by George Hatjoullis
In a free society a degree of personal responsibility is healthy. The corollary is that a society in which personal responsibility is regulated away may be less free and no so healthy. So when beverage sellers feel the need to print ‘This coffee is hot’ on the receptacle in which the hot coffee that I ordered is served to me, I start to be concerned. Nowhere is this demise of personal responsibility more disconcerting than in the financial services area. The net result may be counterproductive in that good advice may become prohibitively expensive to cover liability insurance and liquidity in financial products will continue to diminish because capital will find it unrewarding to commit to providing liquidity. I suggest this is already happening.
The retail investor (you) can do a good job of protecting yourself by observing a few common sense rules.
Rule 1: If you do not understand it do not do it. Seek advice but do not expect someone to tell you what to do. Ask them to explain what are your options and what are the risks (especially worse case). Advisors can only help you understand. If they are making decisions for you then I would be worried. In order to make good decisions on your behalf an advisor needs far more information than it is possible to collect (or that many will divulge). Make your own decisions and only do what you feel comfortable doing. If you understand what you have done and why you have done it you are more likely to recognise if you were wrong or circumstances have changed.
Rule 2: If it looks too good to be true then it almost certainly is not true. Why do you imagine someone has a great opportunity that they want to hand over to you? People in financial services are in it to make money for themselves. You might imagine that it is good business to look after clients. At best they will act within the regulations. Some institutions work on a client turnover approach. They expect to lose 10% of clients each year but expect an equivalent number of new clients to join. Customer service is not necessarily high on the agenda only staying within the law. You need to ask yourself, ‘what is in it for them’ and factor in your conclusion. See also rule 5.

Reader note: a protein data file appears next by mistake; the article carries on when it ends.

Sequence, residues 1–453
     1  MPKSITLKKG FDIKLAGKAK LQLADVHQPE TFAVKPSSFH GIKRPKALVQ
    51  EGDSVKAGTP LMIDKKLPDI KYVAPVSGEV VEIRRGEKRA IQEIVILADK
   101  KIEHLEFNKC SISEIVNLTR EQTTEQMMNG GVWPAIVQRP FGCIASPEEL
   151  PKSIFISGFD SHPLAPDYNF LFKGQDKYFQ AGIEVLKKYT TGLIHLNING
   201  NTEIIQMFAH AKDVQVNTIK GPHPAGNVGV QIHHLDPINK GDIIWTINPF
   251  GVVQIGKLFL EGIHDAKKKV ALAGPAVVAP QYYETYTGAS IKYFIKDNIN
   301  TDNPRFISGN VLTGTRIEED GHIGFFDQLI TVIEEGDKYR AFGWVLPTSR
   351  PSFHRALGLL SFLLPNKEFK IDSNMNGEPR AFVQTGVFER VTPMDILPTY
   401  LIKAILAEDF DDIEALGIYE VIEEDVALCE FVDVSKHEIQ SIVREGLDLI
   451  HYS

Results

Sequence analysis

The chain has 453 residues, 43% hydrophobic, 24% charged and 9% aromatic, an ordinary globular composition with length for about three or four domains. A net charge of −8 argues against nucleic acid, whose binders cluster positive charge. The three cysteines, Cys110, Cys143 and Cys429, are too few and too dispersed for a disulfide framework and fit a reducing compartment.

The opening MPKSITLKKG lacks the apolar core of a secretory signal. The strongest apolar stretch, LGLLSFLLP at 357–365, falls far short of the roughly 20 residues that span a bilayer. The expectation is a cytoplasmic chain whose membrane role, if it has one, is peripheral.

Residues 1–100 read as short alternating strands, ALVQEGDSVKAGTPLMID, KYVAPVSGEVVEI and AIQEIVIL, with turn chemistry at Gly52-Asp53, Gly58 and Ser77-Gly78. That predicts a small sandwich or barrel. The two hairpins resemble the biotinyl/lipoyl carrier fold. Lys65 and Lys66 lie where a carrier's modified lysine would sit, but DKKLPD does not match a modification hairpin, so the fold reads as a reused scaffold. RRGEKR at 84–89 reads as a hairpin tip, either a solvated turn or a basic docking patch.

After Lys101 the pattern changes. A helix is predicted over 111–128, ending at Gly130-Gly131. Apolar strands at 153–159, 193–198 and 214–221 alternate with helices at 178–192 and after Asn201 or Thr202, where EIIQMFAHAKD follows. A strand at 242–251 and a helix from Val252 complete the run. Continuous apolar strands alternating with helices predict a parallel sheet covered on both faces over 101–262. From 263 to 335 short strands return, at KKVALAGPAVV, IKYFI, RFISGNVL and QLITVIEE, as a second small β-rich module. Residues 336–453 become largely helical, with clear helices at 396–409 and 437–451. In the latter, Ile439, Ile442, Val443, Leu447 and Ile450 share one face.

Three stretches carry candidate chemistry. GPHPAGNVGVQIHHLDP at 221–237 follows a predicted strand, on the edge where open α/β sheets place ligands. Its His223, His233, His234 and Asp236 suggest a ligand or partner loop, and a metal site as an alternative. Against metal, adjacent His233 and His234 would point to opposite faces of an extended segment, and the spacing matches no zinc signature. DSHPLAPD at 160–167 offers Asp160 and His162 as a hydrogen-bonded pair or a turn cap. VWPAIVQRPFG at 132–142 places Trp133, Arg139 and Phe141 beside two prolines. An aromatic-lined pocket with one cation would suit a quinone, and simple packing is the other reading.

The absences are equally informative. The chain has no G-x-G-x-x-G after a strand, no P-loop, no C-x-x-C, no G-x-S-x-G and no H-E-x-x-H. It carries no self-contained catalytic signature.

Rule 3: Beware guarantees. A guarantee is only as good as the guarantor. It may seem that the guarantor is an institution that is unlikely to fail but read the small print. Big institutions are not averse to packaging products into separate entities that have no recourse to the originating institution. This was a major feature of the 2008 financial crisis. It is also quite common in structured products today. The product may be protected by the FSCS but this protection is specific and limited. Check what is actually protected. The product may be regulated by the FCA but this may mean very little. If you cannot be bothered to follow up then get someone you trust to explain or walk away. Missing a good opportunity is better than investing in a scam.
Rule 4: γνῶθι σεαυτόν or know thyself. This is not for philosophical or spiritual enlightenment but so you can get your finances on track. Be clear on what you are trying to achieve and why the strategy you have chosen should achieve it. Recognise up front how the value of your portfolio might normally vary (and don’t panic if the worse limits are approached or get excited if the best limits are approached). To change strategy you need either to have changed objective or have new information. If neither apply why are you acting?
Rule 5: Be realistic. If NS&I is offering 1% on an income bond (a totally risk free investment) but someone offers to sell you a bond paying 7% think risk! There is a reason the bond offers 7% and it is not charity. The bond may not repay in full. Your capital is at risk. Can you afford not to be repaid in full? If not then take the income bond or a low-yielding risk free gilt.
I could go on but I think my point is made. Financial acumen may help you get ahead but if you do not have it and are not inclined to acquire it then at least try not to be daft. If you apply the above 5 rules it will help you avoid the main pitfalls. Caveat emptor!